What do you do?

Try this as an icebreaker at your next meeting…Ask everyone to think for just a minute of something that fits this description:What is one activity you love doing, you are relatively good at doing, and you want to get better by doing it more? Now turn this activity into a proper noun and have everyone introduce themselves with this as their occupation.For example, “Hi, I’m a woodcarver.” (This is even more fun to try with a straight face at parties with people you don’t know!I’ve been a writer, a musician, a researcher, a canoeist…all true.)

Our minds are bound to preconceptions connected to our language.We hear someone’s occupation and we subconsciously assume education levels, financial status, or political orientation.It’s not a lie to say I’m a woodcarver when someone asks what I do.That is an occupation I identify with, though completely separate from my formal education, paycheck or social views.However, when I buck the convention of playing my paycheck occupation as my first card, the conversation becomes much richer and more focused on things personal to me.The relationships I’m able to forge with others become that much more authentic.Anyone can be a lawyer, a teacher, or an accountant, but it is truly the lucky who get to chat with a knitter, a runner, or a photographer, to make connections and learn about them.It also pushes your own self-reflection about who you are and what is important to you, and if done honestly and genuinely, allows you to grow as an individual.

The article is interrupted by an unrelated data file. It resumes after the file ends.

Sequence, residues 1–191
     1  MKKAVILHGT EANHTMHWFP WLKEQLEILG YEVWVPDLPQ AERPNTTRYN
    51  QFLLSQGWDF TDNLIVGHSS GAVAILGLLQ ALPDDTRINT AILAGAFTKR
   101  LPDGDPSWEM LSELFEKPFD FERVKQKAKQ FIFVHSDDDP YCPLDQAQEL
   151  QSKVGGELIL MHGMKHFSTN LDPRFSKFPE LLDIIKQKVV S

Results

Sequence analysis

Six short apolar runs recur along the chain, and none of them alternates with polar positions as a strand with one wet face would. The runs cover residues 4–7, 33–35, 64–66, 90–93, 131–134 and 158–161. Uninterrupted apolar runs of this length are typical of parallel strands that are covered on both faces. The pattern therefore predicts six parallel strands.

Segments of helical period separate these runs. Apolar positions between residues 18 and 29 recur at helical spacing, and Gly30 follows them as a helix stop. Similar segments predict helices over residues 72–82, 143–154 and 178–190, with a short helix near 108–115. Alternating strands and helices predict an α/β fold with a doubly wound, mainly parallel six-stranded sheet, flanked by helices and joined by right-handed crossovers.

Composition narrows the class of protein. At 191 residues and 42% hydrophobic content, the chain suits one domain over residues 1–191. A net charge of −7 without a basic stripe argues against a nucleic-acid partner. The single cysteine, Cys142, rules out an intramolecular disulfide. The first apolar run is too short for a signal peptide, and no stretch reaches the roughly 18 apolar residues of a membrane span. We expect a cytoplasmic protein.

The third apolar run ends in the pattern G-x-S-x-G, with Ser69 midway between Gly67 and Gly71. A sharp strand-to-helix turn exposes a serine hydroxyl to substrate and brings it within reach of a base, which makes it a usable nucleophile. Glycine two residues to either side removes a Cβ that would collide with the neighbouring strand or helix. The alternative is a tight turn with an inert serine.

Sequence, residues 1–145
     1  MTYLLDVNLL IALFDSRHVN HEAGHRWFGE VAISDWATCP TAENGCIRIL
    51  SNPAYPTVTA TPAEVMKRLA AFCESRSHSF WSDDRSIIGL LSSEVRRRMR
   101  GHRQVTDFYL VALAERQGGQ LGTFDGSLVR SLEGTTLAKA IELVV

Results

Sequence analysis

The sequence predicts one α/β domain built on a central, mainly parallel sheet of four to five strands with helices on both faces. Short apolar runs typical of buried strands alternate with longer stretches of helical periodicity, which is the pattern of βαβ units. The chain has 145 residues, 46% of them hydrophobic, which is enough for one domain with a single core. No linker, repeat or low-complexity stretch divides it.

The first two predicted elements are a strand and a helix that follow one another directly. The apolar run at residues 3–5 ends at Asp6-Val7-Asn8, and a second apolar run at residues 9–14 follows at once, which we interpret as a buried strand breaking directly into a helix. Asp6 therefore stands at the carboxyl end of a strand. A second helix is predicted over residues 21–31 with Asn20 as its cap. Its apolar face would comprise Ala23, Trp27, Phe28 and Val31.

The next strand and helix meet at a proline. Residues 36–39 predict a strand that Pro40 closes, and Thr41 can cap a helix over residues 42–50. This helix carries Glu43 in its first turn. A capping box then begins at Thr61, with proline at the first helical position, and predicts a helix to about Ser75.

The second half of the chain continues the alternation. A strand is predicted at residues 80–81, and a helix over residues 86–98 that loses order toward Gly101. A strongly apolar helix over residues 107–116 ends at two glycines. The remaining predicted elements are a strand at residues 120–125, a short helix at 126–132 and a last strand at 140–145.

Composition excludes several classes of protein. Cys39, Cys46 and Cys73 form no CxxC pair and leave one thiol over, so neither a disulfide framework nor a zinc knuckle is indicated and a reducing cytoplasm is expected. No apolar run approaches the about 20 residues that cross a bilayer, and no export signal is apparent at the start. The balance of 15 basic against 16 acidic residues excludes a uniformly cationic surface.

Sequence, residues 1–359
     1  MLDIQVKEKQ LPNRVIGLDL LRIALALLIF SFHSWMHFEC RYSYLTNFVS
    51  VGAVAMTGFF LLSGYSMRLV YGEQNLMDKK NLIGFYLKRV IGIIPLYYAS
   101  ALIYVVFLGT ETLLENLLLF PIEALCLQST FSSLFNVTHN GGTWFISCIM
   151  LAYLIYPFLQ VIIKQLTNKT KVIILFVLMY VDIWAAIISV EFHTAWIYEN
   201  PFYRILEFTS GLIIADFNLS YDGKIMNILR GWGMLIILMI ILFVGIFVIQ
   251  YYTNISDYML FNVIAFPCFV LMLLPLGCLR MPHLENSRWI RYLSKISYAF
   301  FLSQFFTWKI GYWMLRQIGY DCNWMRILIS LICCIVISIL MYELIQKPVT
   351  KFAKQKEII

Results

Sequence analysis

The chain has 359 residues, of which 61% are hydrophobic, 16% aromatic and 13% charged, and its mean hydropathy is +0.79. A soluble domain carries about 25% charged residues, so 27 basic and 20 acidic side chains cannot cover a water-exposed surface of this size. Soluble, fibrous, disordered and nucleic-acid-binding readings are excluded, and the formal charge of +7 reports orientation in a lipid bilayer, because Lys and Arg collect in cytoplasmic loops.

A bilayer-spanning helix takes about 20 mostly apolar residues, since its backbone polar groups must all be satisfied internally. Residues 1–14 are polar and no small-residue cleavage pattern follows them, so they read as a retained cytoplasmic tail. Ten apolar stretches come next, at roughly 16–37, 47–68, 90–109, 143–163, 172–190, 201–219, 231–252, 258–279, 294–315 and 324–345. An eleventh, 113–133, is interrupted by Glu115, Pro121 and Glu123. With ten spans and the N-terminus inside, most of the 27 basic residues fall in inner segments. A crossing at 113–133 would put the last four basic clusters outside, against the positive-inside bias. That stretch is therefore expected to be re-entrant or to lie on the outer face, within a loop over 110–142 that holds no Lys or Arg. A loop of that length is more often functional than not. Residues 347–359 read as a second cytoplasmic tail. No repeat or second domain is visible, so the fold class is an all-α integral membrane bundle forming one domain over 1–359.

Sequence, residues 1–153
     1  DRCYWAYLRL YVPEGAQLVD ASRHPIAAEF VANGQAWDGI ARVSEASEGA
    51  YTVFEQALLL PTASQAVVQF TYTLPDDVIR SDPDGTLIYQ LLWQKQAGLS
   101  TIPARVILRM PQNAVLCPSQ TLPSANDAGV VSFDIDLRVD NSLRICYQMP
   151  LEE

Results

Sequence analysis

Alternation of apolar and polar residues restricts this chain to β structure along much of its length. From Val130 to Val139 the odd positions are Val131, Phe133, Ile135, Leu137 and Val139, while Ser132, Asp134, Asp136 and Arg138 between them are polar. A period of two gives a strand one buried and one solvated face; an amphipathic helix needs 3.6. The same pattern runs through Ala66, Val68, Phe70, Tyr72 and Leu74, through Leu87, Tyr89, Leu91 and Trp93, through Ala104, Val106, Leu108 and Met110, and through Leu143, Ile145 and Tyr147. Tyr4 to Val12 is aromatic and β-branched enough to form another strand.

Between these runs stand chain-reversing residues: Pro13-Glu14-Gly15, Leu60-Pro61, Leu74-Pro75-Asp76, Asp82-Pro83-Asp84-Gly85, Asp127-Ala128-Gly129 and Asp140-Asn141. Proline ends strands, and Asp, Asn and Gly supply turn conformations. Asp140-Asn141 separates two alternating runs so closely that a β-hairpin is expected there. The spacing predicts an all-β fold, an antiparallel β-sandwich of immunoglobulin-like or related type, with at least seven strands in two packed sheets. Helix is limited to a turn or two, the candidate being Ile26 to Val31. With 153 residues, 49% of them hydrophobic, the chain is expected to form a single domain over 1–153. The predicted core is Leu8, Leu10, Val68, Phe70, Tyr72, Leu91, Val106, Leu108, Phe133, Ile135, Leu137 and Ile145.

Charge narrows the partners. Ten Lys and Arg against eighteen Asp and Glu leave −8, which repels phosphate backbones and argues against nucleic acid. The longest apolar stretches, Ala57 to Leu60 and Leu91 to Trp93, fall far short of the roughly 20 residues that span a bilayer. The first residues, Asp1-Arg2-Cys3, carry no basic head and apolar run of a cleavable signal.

Speaking of honesty, when you finally get around to sharing your “professional” occupation, people will realize there is more to you, to every person, than small talk.

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3 Responses to What do you do?

  1. CSte says:

    This is GREAT! I LOVE this one!!! I am going to use it a lot in small groups!!!

  2. Lyn Sutterlin says:

    This IS a great one, for it reminds us of how complex our identities are, EVEN to ourselves! I use the noun “Stripper” in such an exercise, but have lately been advised that at my age, I should say “Refinisher…” (I honestly DO love to strip and to refinish furniture–just finished an Antique Mirror Frame last week, and I am SO proud of the effort!)

  3. Joe says:

    I agree with CSte ! What a great icebreaker! What a way to start a small group. I’ve abeen working with a group of five and even though we’ve been together for over a year, I’m going to try this at our next meeting. When a new small group I am joining at church first meets, I’m going to ask permission to use this at our first meeting.
    Thanks for a great idea!

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